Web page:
It's hard to deny that Milestone makes good MotoGP games, and it does so year after year. The studio may not be of the highest calibre, but there is much to like about its output, especially if you're a motorsports fanatic. This year the developer has added new aspects that make the feeling of riding a rocket-fast bike even better. What's more, there is now a focus on taking care of your tyres and brakes during a race, and it works just like you think it does; if you drive like a madman and brake too hard before each corner, you will rip through your tyres and brakes, which results in poor performances or even a crash. Pit stops and tyre changes are a big part of this year's game, and there is both cosmetic and mechanical damage that adds to the realism, with some types of damage losing you more time than others.
Starting off, it will take a while before you get used to the game controls, particularly if you're brand new to the series. The motorcycle doesn't really want to turn the way you want it to and you have to have tremendous control over how hard your thumbs hold the sticks if you're going to get good. If this is your first MotoGP game, we recommend turning off the assistance right away and learning how to swing and brake properly without any guidance. You will probably get spanked by the competition at first, but it is the best way to learn. In addition, the assists work in a strange way that makes you actually go slower than if you turn them all off. The risk, as we see it, is that the game will be too difficult for newcomers to easily absorb, leading to it being played on the lowest difficulty level or simply abandoned altogether.
The new features include a refreshed lighting system, new asphalt, and an editor that lets you decorate both rider and motorcycle in all sorts of colourful attire (you can even change the entire team to give it a more personal feel). The new lighting engine makes the evening races look good. Really good. This also applies to the graphics in general: it all looks good. Well, most of it does; there are some things that we didn't appreciate so much. The crowd is lifeless, and if it rains, your visor will not get wet, not even a drop. Perhaps the strangest thing that happens is when you turn and the motorcycle is leaning as your head stays vertical inside the helmet and doesn't tilt how you'd expect. However, the motorcycles and the people on them look really fantastic on the track and there's a great deal of detail that helps make it look very realistic at times. The tracks, on the other hand, are not particularly impressive. Sometimes they look good, sometimes they look like they were taken from the previous console generation - it's a mixed bag, then.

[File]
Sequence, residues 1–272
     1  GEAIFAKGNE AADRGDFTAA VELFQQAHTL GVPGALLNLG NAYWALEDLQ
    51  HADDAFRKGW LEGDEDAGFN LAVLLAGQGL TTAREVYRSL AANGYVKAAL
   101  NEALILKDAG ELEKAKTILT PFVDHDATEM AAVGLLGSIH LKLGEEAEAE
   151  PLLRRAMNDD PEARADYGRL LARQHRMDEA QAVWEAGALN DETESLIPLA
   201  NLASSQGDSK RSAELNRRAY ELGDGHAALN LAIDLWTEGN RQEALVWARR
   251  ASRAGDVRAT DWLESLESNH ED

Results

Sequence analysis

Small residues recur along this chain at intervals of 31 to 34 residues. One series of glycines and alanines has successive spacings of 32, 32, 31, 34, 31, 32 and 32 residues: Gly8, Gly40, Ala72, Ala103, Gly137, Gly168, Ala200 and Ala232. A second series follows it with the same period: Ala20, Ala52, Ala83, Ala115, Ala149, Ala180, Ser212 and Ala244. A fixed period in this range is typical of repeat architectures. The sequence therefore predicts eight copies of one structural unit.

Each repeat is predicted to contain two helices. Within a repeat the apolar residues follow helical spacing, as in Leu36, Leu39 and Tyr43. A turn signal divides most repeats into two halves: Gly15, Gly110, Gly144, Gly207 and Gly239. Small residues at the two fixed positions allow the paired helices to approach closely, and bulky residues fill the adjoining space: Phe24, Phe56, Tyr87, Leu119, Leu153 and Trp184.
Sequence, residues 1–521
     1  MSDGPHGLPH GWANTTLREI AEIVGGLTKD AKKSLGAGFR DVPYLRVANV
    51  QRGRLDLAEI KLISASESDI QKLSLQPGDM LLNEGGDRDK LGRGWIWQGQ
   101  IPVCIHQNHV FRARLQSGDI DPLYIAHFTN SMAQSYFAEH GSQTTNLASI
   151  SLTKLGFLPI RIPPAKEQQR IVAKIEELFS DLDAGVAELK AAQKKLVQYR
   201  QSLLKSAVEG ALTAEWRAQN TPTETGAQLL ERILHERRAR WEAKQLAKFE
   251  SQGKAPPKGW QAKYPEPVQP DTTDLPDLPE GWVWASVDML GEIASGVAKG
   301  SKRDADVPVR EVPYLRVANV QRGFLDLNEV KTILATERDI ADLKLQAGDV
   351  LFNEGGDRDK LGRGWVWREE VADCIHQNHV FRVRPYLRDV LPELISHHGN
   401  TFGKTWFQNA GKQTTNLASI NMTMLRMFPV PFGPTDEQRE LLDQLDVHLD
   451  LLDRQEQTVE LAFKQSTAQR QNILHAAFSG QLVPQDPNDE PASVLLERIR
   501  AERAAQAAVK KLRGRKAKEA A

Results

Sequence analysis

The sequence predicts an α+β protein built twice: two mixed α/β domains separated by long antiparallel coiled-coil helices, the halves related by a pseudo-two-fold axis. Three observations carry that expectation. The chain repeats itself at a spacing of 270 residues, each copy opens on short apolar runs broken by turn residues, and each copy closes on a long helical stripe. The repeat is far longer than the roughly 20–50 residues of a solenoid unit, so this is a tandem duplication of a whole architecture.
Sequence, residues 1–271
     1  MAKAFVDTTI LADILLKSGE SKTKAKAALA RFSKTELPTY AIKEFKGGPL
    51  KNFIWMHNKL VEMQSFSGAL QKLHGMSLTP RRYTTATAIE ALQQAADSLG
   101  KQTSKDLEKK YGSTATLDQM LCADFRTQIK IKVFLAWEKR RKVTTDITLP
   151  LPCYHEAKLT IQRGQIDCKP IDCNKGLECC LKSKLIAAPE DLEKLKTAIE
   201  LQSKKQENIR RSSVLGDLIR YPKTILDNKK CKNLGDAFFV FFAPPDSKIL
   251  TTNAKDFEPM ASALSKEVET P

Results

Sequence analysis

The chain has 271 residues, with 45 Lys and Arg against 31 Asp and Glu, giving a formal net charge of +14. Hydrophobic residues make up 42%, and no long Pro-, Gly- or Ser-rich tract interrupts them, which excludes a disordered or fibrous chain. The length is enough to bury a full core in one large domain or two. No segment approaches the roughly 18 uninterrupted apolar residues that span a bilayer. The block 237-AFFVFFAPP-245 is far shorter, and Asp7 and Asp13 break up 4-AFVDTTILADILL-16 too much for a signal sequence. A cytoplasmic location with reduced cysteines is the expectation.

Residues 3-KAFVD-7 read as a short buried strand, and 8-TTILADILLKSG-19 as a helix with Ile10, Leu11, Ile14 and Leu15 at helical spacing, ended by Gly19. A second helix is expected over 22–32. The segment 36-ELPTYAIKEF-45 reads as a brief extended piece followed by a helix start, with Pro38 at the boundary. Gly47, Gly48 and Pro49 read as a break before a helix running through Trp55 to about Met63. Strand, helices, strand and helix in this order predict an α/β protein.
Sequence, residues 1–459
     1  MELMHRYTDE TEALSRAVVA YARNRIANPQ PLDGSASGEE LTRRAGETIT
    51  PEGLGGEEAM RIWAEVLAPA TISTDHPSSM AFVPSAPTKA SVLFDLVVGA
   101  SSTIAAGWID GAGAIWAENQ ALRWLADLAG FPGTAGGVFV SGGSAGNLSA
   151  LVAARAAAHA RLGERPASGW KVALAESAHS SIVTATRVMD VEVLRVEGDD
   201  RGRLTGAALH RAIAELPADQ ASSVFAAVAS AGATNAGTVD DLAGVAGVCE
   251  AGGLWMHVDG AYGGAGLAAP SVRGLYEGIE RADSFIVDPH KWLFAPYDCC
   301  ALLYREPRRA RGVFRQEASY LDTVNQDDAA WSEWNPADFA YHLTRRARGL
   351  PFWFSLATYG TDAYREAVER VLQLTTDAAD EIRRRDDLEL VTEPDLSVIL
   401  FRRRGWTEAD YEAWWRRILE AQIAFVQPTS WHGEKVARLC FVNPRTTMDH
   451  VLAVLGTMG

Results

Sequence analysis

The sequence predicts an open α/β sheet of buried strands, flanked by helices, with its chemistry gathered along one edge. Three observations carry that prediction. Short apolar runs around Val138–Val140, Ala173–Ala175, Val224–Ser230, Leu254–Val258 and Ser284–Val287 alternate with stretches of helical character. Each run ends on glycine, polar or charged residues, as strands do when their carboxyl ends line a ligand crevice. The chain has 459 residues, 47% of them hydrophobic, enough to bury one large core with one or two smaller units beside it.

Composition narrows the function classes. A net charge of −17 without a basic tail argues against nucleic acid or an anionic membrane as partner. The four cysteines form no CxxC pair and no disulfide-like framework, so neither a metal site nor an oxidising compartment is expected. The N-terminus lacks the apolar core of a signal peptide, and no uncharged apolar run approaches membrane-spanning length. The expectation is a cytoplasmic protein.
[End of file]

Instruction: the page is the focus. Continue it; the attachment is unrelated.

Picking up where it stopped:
If you want to get lost in something deeper, there is a career mode included. Here you can choose whether you want to start directly in MotoGP or if you want to fight your way up from Moto 2 or Moto 3. Back after a few years away is a team management aspect where you get to hire your agent. They, in turn, create new contracts and try to give you the salary you really deserve (or don't, as the case may be). You can also hire mechanics and data analysts to help boost your speed on the track. The higher the skill of an employee, the more he or she wants in terms of a salary, so it's important to spend your winnings wisely. You can also spend development points, which you get from both the team and by taking on challenges during the training sessions, to develop better parts for your bike. This is a very entertaining game mode, although we wished the computer-controlled riders on the other bikes were just a tiny bit smarter and would stop trying to run into us all the time! We also wanted more than one animation for when we were waiting in the pit or winning a race.
You can also choose to run a single race or championship on one of the 20 official tracks (and two historic courses) if you feel like finding out how good Valentino Rossi really is at Silverstone. Here you'll find all of the official riders and teams across all classes, thrown together with a set of classic riders and motorcycles. To unlock most of these, you need to play the Historic Mode, a situation that we think has changed for the worse. Previously, there were several challenges across different time periods where you unlocked new teams and riders as you passed each challenge. Now everything is more simple: there are three challenges per day (easy, medium and difficult) and each gives you a different number of points. You then collect these points and can unlock new motorcycles and riders with them. The problem is that there are only three randomly selected bikes and contestants to unlock per day, which means you can't unlock who you want, rather you have to wait until your favourite shows up. If you love Eddie Lawson from 1992, you may have to wait several days before you get the chance to unlock him, and we don't really understand the change. It's not a bad decision, per se, but we did think it was strange.
As we said in the introduction, there are new features in MotoGP 20 you'll like if you're a fan of the sport and if you know what you're doing you are guaranteed some serious fun. If, on the other hand, you're a total newcomer, you may want to think about whether you really want to spend several hours simply learning the ropes. This year's entry is not a game that you just sit down and conquer straight away. If you can ignore the steep learning curve, there is a lot here for the pure enthusiast, and overall we'd have to say that the series has never been in better shape.
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